Skip to Content
Streetsblog Los Angeles home
Streetsblog Los Angeles home
Log In
Metro

Metro’s Orwellian Take: Adding Miles of New Lanes to the 710 Freeway Is Not Expanding the Freeway

Metro claims "no [710 Freeway] expansion whatsoever" - and - at the same time Metro says they won't rule out demolishing homes

The 710 Freeway. Photo by Joe Linton/Streetsblog

After the community caught Metro and Caltrans defying federal clean air law, Metro radically pared back its 710 Freeway expansion plans.

In 2018, Metro approved a $6 billion plan that would have added at least forty new lane-miles to the lower 710 Freeway. Metro and Caltrans canceled that plan in 2022, pledging to replace it with a new multimodal investment plan. In January 2024, Metro shared its latest draft 710 Freeway widening plan (called the 710 CMIP - Corridor Mobility Improvement Plan) which calls for adding around four new lane-miles.

That's good news. Kudos to the community, mainly the Coalition for Economic Health and Justice (CEHAJ), for decades of resistance that got Metro and Caltrans to reluctantly rein in most of their harmful 710 widening. Kudos to Metro and Caltrans for having taken some big steps in the right direction.

But they're not quite there yet.

Now Metro is repeatedly claiming that their draft 710 Freeway widening plan projects are "not expanding the freeway by any means whatsoever" and "expanding the freeway in any shape or form" [italics are Metro's].

This is not true.

Metro claims "no expansion whatsoever" - and at the same time that they won't rule out demolishing homes. Really.

The threat of displacement is serious enough that the area's County Supervisor Janice Hahn is pressing Metro to commit to no home demolitions for the 710 Freeway expansion.

Metro is planning to add new lanes - called auxiliary lanes (more on this below) - between Willow and Wardlow, and between Del Amo and Long Beach Blvd. Image via Metro draft 710 CMIP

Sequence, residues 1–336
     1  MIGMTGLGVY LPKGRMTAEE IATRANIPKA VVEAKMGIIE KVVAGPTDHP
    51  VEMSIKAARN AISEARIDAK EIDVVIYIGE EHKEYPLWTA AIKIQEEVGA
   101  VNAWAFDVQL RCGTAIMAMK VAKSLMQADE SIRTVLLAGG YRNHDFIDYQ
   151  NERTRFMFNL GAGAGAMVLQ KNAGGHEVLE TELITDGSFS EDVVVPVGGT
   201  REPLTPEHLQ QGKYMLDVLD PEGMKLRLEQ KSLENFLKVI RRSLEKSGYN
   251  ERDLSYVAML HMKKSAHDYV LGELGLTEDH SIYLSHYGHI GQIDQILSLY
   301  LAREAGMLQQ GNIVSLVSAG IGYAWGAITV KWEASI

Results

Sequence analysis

In their current 710 Freeway expansion plan, Metro and Caltrans are proposing to add new freeway lanes in two stretches, both in Long Beach:

  • from Willow Street to Wardlow Road - about 1 mile
  • from Del Amo Boulevard to Long Beach Boulevard - about 1 mile
Metro and Caltrans plan to widen the 710 to add new "auxiliary lanes" in two locations in the city of Long Beach

The lower of those two widenings - Willow to Wardlow - would be right up against lots of pollution-burdened West Long Beach homes, many within a few feet of the existing freeway sound walls.

West Long Beach homes up against the 710 Freeway and its Willow Street off-ramp - image via Google Street View. Between Willow and Wardlow, about a hundred West Long Beach homes are literally in the shadows of 710 Freeway sound walls.
West Long Beach home less than two dozen feet from a 710 Freeway sound wall, a block south of Wardlow

Metro's new 710 Freeway lanes would be "auxiliary lanes" - lanes that extend from one onramp to the next off-ramp.

Federal Highway Administration figure illustrating adding a new auxiliary lane - via FHWA Freeway Management and Operations Handbook, yellow highlight added. Metro looks at this before-and-after, and somehow sees it as "not expanding the freeway in any shape or form."

Metro and Caltrans highway builders have dozens of L.A. County "aux lanes" projects under construction and planned (even including in the lower 710 project corridor on the 91 Freeway in North Long Beach), because aux lanes expand freeway capacity, while technically not widening the main stem of the freeway. Metro and Caltrans take advantage of a loophole in state policy that says short aux lanes (less than a mile long) are considered not to increase driving.